What these rough boys are made of
So a bad-behaved boy doesn’t become a bad-behaved boy because of the school
he is at and the teacher he has. It is because of the school environment that he is
functioning in; how he is being socialized out there in the wider community. And
when sometimes we as adults do not set good examples for the young people, how
dare we come in here and blame them like that?
–– Member of Parliament for St James South Donville Inniss.
We are not sure how or why the school “a bad-behaved boy is at” or
“the teacher he has” would be detached from “the school environment
that he is functioning in”. And if you are puzzled by the presentment of our
observation, we are even the more flummoxed by Mr Inniss’ reasoning.
The MP’s presentation in the House of Assembly yesterday was a feeble
attempt at concretizing a well touted myth that violence in schools today is
no more vicious and prevalent than it was 40 or more years ago. That would
be the answer to the exasperating problem of bullying in school these days by
a politician who is far more perspicacious and on the ball than that.
And, Mr Inniss might be pleasantly surprised to find that Barbados’ school
system could help in resolving –– not all –– but many of the problems that
exist in the wider society, if students graduating with wider knowledge, and a
greater sense of responsibility and civic duty, could influence their devil-maycare
parents and guardians and the other feckless senior adults around them.
We accept the MP’s observation that the school may be “a microcosm” of
the wider community, with its aberrant behaviours; but that is no excuse for
not bending the twig into proper shape early, instead of allowing it to grow
into a hardened and inflexible branch or well barked trunk.
Nor is it any excuse to offer the fanciful, faulty and unfounded notion that
“young people today are no worse than those of yesteryear”. Actually, there
is no credible evidence that the miscreants among our youth of today are any
fewer or any less barbarous.
Again, Mr Inniss and we are at one on the present shoddy and thoughtless
rearing of children by too many parents today.
Solomon, reputedly the wisest man ever on earth, admonishes us: “Train
up a child in the way he should go, And when he is old he will not depart
from it.” (Proverbs 22:6)
Regrettably, many a parent in current times has had cause to depart from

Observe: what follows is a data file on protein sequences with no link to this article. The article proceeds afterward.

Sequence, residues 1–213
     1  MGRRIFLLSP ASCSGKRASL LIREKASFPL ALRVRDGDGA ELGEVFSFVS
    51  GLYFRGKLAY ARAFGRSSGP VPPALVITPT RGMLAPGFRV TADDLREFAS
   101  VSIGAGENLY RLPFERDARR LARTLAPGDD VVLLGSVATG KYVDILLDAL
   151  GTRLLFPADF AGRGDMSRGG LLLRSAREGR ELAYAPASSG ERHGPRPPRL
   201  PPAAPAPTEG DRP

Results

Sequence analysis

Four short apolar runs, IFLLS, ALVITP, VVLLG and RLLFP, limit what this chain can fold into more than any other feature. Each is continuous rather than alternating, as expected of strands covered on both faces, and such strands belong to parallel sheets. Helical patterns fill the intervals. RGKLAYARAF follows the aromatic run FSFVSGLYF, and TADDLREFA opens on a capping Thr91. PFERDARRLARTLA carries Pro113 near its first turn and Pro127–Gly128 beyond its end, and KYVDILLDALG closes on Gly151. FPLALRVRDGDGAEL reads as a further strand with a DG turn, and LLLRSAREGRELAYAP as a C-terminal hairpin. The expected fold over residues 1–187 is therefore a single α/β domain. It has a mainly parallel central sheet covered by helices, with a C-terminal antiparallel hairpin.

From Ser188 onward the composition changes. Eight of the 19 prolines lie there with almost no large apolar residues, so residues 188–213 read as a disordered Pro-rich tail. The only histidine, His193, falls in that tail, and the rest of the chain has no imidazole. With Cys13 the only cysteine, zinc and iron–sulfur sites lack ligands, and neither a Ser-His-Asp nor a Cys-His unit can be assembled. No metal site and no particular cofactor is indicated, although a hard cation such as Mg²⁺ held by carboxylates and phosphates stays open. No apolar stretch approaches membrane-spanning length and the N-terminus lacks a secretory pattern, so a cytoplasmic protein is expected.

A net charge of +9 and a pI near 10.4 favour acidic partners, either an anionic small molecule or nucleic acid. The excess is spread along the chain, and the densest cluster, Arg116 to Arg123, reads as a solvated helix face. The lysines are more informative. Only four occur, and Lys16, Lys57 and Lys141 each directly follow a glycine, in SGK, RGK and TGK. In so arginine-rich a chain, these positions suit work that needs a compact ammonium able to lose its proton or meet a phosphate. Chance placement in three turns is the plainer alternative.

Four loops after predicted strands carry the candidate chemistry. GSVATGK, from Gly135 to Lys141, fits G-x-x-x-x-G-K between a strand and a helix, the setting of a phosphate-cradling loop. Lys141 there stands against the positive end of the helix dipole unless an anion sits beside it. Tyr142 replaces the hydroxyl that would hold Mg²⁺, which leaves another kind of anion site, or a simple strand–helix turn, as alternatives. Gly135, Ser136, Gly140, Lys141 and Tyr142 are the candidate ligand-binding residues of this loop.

the virtues of sober upbringing –– because they simply were inculcated with
none. There is no exemplary conduct or practice to pass on.
The state therefore has a remedial and preventative role to play in the
nurturing of our young in its schools. Its alleged role of preparing our children
for the world of work is secondary to sharpening our young’s minds for the
states of civility, comity, propriety, and a world of decorous advancement and
The proposal that “improvements in technology” –– via the cellphones,
smartphones and other devices –– now make the mischief among our young
instantly known is without challenge. But the non sequitur that technology
makes the intensity of the mischief appear to be greater than nearly halfcentury
ago does not wash.
And if our leaders, like Mr Inniss, continue to hold such implausible
premisses, burying their heads in the sand –– brains and all –– we are
going to be in for the long haul with this belligerence, contentiousness and
truculence among our schools’ children –– leading ultimately and lamentably
That bullying, hectoring and intimidation obtain in the workplace and “in
communities at large” –– and in our political parties –– cannot be bedding for
the acceptance of these crudities as natural in the classrooms and playgrounds
of our schools.
Finally, we are not clear where Mr Inniss was going with his concern that
society was not allowing boys to be boys. He thinks “our boys sometimes are
being a bit too soft”. Well, disorder and assault are not the answers to the
demonstration of manliness, any more than utterances in a deep, gruff voice.
It were better our goodly and lovable Member of Parliament Mr Inniss
took comfort in the “roughness” of the traditional likeness of boys who will
What are little boys made of?
Slugs and snails
And puppy-dogs’ tails.
That’s what [rough] little boys are made of!